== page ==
SS: I don’t believe my website says it took 30 years—at least, when I did a search for that phrase, I could not locate such a sentence. [Ed. Note: It’s on the home page.] I was 40 years old when my first book was published, and I know I didn’t start working toward that goal passionately at the age of ten! It is true, though, that as a child I dreamed of writing books for children. But I didn’t really turn dreaming into working in a disciplined way until after our third son was born.
It is also true that I collected 156 rejection letters on many different projects between 1982 and 1988, when I sold my first book, Shrimpboat and Gym Bags—a boys’ gymnastics novel—to Atheneum (1990). During those years, I kept telling myself that “each rejection brings me closer to success” and also that if I were to give up, I would never know if I could have “made it.” It helped that I loved the work itself, and that I had come to the conclusion I would keep writing, even if I knew I would never be published. I believe that focusing on process and “letting go of results” proved helpful ultimately.
TWM: Sheri, you say you write for the girl in you. How old is she?
SS: It depends what book I’m working on. Most of my novels were written for the twelve-year-old me, who very much needed to know that things would be okay, that her voice was needed and valued, and that self-acceptance was of utmost importance. In Zayde, that girl would have been six or seven.
TWM: You’ve written many books for young readers. Do you have a favorite theme? Favorite age group?
SS: Zayde is my 19th book. Looking at the entirety of my career, I think self-acceptance was the most frequently recurring theme. More recently, conquering fears—particularly fear of death—has nudged that aside. This may well be due to the grief recovery work I have been doing in my own life around my mother’s illness and subsequent death.
Middle school has been a favorite age group, although the eight books I wrote for younger readers (Grades 2-4) as part of The Magic Attic Club series continue to draw reader responses long after the books have been out of print. (For your information, by way of background, Marie Osmond bought that series from the Portland, ME creators in the late ‘90s. She kept the dolls but reneged on the publishing contracts and commitments. As lead author, I persuaded them to let Heather be Jewish, and was thrilled to be permitted to write about the Spanish Inquisition in Viva, Heather!)
TWM: I see from your background that you have an MFA from the Vermont College of Fine Arts. What was the most important thing you learned in the program?
SS: The most important thing I learned (Winter ’01 to Winter ’03) was to write from my own emotional core about what terrified me, about the things that made me say, “I could never write about that!” My creative thesis, Saving Adam, is not yet published, but I worked on much of Giving Up the Ghost with Carolyn Coman, my third semester mentor. She encouraged me to write about the terror I felt at the likely prospect of losing my mother to the Stage 4B endometrial cancer she was diagnosed with in 1998. Mom was given a less than 5 percent chance of living two years. Her reply: “Oh yeah? Watch me!” And she lived 8 ½ more years. Ghost was sold before she died, but published the year after she died. Much of it was written that third semester while I was living with my parents in Sacramento, CA, helping Mom through various treatments and setbacks. For the last six weeks of her life, my husband and I were privileged to care for her in our Arizona home. (My other mentors were Louise Hawes, Ron Koertge, and Marion Dane Bauer for my final semester.)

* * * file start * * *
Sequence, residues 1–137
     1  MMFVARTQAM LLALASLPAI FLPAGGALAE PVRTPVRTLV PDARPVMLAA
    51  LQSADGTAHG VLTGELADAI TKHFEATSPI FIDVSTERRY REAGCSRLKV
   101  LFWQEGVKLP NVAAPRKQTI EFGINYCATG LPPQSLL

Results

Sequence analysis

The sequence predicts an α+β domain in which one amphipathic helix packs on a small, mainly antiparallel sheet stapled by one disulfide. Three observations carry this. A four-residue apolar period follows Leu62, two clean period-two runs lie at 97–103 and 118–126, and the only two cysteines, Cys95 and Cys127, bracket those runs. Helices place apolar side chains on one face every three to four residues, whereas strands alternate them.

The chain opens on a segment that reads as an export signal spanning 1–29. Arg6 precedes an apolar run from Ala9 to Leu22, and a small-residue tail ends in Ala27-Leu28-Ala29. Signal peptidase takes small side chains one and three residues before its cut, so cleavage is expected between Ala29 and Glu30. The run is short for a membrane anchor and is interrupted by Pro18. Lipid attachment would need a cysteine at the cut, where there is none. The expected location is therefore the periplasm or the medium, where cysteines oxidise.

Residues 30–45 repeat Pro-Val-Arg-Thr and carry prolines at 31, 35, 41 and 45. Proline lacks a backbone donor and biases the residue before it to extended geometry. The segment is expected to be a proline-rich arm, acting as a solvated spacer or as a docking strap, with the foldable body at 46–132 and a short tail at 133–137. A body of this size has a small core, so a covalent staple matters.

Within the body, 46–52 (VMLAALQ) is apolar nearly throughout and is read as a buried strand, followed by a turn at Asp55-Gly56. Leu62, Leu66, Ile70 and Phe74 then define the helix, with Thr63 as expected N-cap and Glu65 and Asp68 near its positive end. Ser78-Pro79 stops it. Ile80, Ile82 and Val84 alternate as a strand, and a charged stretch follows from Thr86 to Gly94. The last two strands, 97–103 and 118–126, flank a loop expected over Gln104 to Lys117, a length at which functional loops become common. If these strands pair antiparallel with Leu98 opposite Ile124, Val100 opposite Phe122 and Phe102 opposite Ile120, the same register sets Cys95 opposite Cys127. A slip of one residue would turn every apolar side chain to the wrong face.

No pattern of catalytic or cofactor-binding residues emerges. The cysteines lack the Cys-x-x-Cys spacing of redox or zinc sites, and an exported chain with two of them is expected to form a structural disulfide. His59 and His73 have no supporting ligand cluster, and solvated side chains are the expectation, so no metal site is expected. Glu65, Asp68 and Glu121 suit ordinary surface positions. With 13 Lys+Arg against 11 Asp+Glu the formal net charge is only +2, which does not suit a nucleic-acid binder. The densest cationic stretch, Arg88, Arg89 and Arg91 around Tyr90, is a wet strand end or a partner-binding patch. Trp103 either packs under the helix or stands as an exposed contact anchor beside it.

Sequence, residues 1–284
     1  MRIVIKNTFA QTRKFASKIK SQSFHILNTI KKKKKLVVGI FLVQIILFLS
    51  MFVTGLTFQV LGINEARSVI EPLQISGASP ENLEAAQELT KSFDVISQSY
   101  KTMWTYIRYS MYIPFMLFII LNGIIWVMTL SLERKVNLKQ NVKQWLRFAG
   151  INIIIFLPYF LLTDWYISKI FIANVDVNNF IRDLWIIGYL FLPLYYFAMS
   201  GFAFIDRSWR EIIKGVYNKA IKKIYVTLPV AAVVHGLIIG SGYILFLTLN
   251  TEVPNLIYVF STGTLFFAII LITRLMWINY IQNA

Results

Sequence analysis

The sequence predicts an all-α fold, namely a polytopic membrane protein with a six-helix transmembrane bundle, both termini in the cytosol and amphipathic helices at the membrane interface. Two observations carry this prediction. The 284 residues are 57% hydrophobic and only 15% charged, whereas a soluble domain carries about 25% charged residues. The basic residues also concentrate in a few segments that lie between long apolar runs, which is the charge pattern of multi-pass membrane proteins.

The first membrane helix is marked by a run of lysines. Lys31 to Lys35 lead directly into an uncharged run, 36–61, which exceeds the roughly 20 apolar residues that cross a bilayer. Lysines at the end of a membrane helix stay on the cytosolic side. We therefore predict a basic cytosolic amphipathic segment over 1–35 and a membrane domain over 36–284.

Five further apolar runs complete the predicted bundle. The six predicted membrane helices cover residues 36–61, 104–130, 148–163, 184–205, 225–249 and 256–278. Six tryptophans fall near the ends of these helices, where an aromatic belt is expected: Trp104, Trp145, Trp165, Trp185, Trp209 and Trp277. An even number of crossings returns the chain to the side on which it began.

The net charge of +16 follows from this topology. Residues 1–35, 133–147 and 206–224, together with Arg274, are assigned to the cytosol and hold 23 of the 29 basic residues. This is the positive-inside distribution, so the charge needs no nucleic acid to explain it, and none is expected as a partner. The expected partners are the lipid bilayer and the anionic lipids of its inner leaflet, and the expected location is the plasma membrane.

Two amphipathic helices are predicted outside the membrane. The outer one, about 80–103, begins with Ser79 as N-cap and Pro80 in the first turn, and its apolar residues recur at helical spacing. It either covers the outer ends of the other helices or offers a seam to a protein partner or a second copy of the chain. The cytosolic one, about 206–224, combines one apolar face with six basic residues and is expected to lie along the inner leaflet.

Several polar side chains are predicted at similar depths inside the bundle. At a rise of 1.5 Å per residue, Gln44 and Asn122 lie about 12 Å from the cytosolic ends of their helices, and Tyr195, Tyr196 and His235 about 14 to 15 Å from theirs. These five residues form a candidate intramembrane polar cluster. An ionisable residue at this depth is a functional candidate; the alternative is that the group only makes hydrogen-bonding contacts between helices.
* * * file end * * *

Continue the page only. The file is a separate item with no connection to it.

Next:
My critical thesis at VC was on the subject of making death and bereavement authentic for middle grade readers, so much of that work informed the writing of Giving Up the Ghost.
I made a conscious decision to drop my maiden name—Cooper—from my writing name after I earned my MFA and to thereafter publish under Sheri Sinykin. I hoped that any books released after graduation might be viewed in a different light than my earlier books, and so far, judging by reviews, sales, and state award nominations, that seems to be the case.
TWM: The illustration seems almost transparent. Was that intentional? If so, why?
KS: It just started going in that direction and I followed it, partly because a lot of the images are memories, or soon-to-be-memories, or imagined by Rachel, so I wanted to give the images a soft quality.
TWM: Is there any significance to the leaves and birds?
KS: When my own grandfather (who lived in a house surrounded by leafy trees) passed away one night, one of his favorite birds, a cardinal, showed up at my window the next morning. Afterward, I always connected my grandfather with the bird somehow—I guess that’s how the birds ended up in the artwork.
TWM: Were there any challenges in illustrating this book?
KS: I had to spend a long time thinking about the story before I began drawing, to get away from the death = sad issue I was having. Once the story’s very accepting and peaceful message began to sink in, the ideas started to flow.
TWM: What artists have inspired you? One page in Zayde with the floating angel reminds me of Chagall.
KS: I’m inspired by different artists all the time—too many to list! The Art Institute here in Chicago has a beautiful, huge, blue stained glass Chagall window (The America Windows). I’ve seen it so many times that it’s probably in my subconscious, and surfaces from time to time when I’m drawing.